» Improving Correction of Spinal Deformity in Children
Improving Correction of Spinal Deformity in Children

Over the past 50 years, orthopedic surgeons have changed and improved the way spinal deformities are corrected in children. Safer and more effective ways to correct and hold the spine straight have been developed.

It started with the use of rods placed alongside the spine to correct the curve. Then wires were used. But there was a concern about the wires poking into the spinal cord and causing problems, so hooks were tried next. Hooks provided three-dimensional correction that was better and safer than wires.

Most recently, screws placed through the pedicle (supporting column of the vertebral bones) have replaced rods, wires, and hooks. Pedicle screws are used in adults as well as children. But there is one safety concern with screws: putting them in the wrong place (misplacement). How often does that happen?

To find out just how well screws are working, surgeons from the University of Minnesota conducted a systematic literature review. They looked at all the articles published on the subject of spinal correction with screws. There were more than 1000 articles available but only 90 met their criteria for review. Seventeen of those 90 articles were analyzed.

In the end, they had enough data to evaluate 13,536 pedicle screws placed in 1353 children under the age of 18. In all cases, the diagnosis was adolescent idiopathic scoliosis (AIS). AIS is a curvature of the spine in teens. The cause is unknown. That's what "idiopathic" means. This type of scoliosis is different from congenital (present at birth) or neuromuscular scoliosis (caused by a condition such as cerebral palsy or muscular dystrophy).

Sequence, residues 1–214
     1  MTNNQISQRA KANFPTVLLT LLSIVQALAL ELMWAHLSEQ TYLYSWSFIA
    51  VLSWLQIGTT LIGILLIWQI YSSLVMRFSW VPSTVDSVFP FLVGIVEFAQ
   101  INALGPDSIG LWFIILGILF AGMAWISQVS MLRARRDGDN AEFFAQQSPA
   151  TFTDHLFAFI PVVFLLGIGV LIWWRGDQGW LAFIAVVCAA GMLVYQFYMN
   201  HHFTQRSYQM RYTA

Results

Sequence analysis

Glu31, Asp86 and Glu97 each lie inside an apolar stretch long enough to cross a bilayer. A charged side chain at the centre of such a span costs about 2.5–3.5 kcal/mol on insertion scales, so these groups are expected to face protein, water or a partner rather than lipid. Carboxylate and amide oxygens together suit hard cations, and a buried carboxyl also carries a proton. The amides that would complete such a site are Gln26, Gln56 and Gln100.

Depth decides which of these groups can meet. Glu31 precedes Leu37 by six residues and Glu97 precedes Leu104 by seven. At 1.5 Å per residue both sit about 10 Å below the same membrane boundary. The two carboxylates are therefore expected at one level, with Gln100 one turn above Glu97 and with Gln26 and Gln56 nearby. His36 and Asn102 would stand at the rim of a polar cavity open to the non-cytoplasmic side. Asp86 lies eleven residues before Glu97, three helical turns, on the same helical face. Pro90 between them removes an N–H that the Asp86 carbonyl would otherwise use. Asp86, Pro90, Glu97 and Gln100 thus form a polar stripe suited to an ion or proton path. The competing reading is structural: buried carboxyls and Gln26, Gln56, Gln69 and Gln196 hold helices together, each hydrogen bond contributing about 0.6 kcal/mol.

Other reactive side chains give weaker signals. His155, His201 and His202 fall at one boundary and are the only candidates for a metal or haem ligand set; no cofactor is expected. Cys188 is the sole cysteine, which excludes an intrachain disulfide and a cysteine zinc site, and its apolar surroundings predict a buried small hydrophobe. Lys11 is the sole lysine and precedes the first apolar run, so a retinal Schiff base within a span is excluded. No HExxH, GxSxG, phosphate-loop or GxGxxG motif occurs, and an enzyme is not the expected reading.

The looked at two specific outcomes: 1) how much correction was obtained in the spinal curve and 2) accuracy of screw placement.

Only studies that reported the number of screws that were misplaced or malpositioned were included. Deformity correction was measured using X-rays to calculate the before and after results. Some studies compared one type of fixation to another (e.g., screws versus hooks). Others were comparing accuracy of screw placement with and without computer-aided navigation.

They found that screws worked much better than hooks in correcting and maintaining the new spinal curves. Five per cent of the 13,536 screws were misplaced. Stated in the positive, there was a 95 per cent accuracy rate. That's even better than the 91 per cent rate reported in other studies for adults.

This systematic review of the published literature adds one more benefit or positive advantage of pedicle screws used in children to correct spinal deformities. Besides making it possible to fuse fewer bones, improve appearance, and lower rates of reoperation, pedicle screws are safe and effective in correcting the curve and holding the new spinal alignment. The concern that smaller pedicle size in children (compared with adults) would cause problems just wasn't supported since the children had better placement rates than adults!

Reference: Charles Gerald T. Leonio, MD, et al. Pediatric Pedicle Screws: Comparative Effectiveness and Safety. In The Journal of Bone and Joint Surgery. July 6, 2011. Vol. 93-A. No. 13. Pp. 1227-1234.